For a country founded on principles of freedom, liberty and equality, the United States is having tremendous difficulty grappling with same-sex marriage and LGBTQ discrimination. In fact, even prior to the June 2015 Supreme Court ruling in Obergefell v. Hodges legalizing same-sex marriage, national headlines have included a long stream of cake bakers, florists and pizzerias refusing service to homosexuals. Today, a Kentucky County Clerk is garnering international attention for her termination and imprisonment (for contempt of court) for refusing to issue marriage licences to homosexual couples. The country seems torn on whether the clerk is a modern-day Joan-of-Arc fighting for religious rights or whether she’s simply a close-minded bigot.
The topic has been getting attention in Canada as well, with a Calgary bus driver’s very public refusal to drive a city bus painted as a rainbow, and subsequently his very public termination. With so much focus on such a sensitive topic, it begs the question, with respect to service, does religion trump equality?
In Canada, the challenge this question presents is that it pits two fundamental rights against one another. The Canadian Charter of Rights and Freedoms recognizes that everyone has freedom of conscience and religion. Our Charter also recognizes that “every individual is equal before and under the law and has the right to the equal protection and equal benefit of the law without discrimination”. Finally, every province and territory has their own enactment of the Human Rights Code which specifically prohibits discrimination in employment, tenancy and service on the basis of sexual orientation. There is no doubt that denying service on the basis of sexual orientation is discrimination. The bigger question is whether the discrimination is defensible on the basis of religious beliefs.
Human rights legislation in Canada receives special quasi-constitutional status in recognition of its fundamental objectives. Across Canada, the purpose of human rights law is to recognize the inherent dignity and worth of every person and to provide for equal rights and opportunities without discrimination. Further, it is to create a climate of understanding and mutual respect for the dignity and worth of each person so that all feel a part of and are able to contribute fully to the development and wellbeing of the community.
These objectives are deeply engrained in the Canadian identity. However, for members of traditionally prejudiced minority groups, a denial of human rights protections is not simply an inconvenience like having to choose a new pizza parlour or bakery. It’s an affront to their dignity and their identity. Specific to the circumstances of homosexuals, the Ontario Human Rights Tribunal in Brillinger v. Imaging Excellence, 2000 CanLII 20856 recognized that a failure to protect the rights of lesbians and gays from discrimination results in a silencing of a part of our society and a marginalization of its members. Members of the lesbian and gay community have already been the victims of long-standing social prejudice and economic disadvantage which has resulted in many of them choosing invisibility and privacy as a means of avoiding the effects of prejudice against them.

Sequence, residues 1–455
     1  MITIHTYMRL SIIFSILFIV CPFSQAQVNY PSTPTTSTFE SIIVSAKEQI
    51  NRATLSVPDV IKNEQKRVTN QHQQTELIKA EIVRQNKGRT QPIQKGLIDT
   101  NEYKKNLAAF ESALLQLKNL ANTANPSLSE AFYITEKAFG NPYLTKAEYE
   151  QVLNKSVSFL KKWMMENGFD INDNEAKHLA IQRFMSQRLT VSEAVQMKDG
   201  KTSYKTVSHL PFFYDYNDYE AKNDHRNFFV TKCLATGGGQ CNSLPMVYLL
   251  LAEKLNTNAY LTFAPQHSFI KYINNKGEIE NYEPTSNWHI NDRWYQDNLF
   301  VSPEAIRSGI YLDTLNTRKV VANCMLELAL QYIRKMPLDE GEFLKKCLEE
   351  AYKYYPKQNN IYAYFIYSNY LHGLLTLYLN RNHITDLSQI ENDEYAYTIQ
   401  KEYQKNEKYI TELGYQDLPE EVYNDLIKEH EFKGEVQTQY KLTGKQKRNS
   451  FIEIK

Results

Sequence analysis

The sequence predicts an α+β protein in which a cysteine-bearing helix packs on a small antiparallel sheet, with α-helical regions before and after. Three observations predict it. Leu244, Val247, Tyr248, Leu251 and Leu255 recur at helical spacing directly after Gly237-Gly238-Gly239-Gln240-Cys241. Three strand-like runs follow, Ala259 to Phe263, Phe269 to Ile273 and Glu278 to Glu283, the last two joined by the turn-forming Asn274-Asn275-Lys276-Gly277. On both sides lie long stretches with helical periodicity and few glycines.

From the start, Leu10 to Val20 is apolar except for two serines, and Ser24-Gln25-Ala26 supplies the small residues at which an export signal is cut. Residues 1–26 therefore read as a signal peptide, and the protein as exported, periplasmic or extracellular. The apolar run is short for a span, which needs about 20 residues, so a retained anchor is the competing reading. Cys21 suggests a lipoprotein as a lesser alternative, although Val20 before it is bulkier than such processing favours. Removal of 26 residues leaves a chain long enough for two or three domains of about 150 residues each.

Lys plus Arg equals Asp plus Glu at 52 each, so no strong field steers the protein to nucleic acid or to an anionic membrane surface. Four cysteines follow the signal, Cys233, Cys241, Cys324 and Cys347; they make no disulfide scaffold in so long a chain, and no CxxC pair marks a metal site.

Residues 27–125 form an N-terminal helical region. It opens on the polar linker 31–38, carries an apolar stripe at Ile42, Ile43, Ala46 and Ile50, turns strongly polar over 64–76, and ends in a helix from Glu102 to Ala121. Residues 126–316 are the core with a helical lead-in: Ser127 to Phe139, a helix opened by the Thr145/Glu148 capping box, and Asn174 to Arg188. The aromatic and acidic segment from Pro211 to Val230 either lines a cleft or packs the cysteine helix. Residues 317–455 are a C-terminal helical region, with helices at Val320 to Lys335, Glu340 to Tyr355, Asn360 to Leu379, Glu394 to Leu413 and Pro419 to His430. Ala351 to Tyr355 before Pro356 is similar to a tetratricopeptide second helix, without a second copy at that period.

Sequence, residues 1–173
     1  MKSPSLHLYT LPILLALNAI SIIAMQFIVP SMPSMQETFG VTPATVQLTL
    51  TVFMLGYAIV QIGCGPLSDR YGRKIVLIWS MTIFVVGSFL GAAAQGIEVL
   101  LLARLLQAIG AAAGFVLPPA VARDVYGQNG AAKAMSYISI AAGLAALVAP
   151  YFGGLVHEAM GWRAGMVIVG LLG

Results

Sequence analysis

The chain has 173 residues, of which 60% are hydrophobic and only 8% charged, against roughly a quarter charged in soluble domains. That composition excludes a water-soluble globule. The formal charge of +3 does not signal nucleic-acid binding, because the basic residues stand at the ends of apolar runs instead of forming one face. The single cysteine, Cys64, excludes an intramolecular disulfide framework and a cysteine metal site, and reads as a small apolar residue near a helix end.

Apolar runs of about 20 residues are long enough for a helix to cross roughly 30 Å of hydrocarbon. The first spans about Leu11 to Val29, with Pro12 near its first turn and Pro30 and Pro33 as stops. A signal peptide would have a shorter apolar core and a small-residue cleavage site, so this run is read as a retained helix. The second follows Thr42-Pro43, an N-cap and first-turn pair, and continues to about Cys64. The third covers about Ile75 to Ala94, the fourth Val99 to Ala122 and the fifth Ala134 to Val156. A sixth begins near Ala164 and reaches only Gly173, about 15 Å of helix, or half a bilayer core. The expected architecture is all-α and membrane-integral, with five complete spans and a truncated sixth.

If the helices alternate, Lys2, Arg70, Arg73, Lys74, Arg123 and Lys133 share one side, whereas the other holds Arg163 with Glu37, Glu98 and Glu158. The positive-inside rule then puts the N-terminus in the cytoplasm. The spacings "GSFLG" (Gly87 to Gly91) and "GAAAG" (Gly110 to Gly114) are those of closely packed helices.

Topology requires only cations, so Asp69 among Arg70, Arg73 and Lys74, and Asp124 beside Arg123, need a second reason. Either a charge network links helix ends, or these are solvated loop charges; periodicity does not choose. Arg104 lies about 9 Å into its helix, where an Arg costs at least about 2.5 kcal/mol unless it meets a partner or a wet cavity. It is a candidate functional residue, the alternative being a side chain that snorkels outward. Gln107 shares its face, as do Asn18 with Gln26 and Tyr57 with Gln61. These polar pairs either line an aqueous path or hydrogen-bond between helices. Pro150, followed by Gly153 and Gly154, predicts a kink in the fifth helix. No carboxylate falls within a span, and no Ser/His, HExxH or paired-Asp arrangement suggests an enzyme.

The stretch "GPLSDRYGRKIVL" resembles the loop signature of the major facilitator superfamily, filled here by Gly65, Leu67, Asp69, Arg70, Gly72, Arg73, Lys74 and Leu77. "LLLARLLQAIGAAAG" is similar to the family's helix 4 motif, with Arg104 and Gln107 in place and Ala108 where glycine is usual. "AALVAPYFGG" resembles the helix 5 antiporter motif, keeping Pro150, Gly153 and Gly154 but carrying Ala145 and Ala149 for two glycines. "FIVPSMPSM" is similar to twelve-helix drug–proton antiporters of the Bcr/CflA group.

Compounding that effect is the implicit message conveyed by exclusion and service refusal: that gays and lesbians, unlike other individuals, are less worthy of protection. To quote the Supreme Court of Canada in Vriend v. Alberta 1998 CanLII 816 (SCC), “the potential harm to the dignity and perceived worth of gay and lesbian individuals constitutes a particularly cruel form of discrimination.” Personally, I can’t imagine a version of Canada where an important segment of our population is forced to deny or hide their identity so as to avoid prejudice. If it’s unacceptable to deny service on the basis of gender, race or religion, the same logic should apply to sexual orientation.
In Canada, the answer as to whether religion trumps equality in service is clear: it doesn’t. While persons have a fundamental right to practice their religion as they see fit, as a society we must recognize reasonable limits on freedom of religion in order to prevent very real harm to members of the lesbian and gay community by the denial of services. Ask yourself this – some personal religious beliefs and customs may also demand refusing service to a woman, a black man or a person of Jewish ancestry. As a society we would not tolerate this discrimination, regardless of the reasons for denial. Sexual orientation is no different.
An interesting aside to this discussion [which will have to be addressed in a follow-up post] is to what extent employees can request accommodation of their religious beliefs within the workplace. If employers have a duty to accommodate personal characteristics protected by human rights legislation, is there a duty to accommodate employees who for religious reasons refuse to offer service on the basis of sexual orientation or other protected grounds? For instance, if a bakery receives a contract to provide a cake for a same-sex marriage ceremony, can an individual employee refuse to prepare or decorate the cake on the basis of their religious beliefs, and does the employer have a duty to accommodate them? Could that same bakery discipline the worker for insubordination and for refusing to follow reasonable instructions?
Stay tuned, but in the meantime, let me know your thoughts…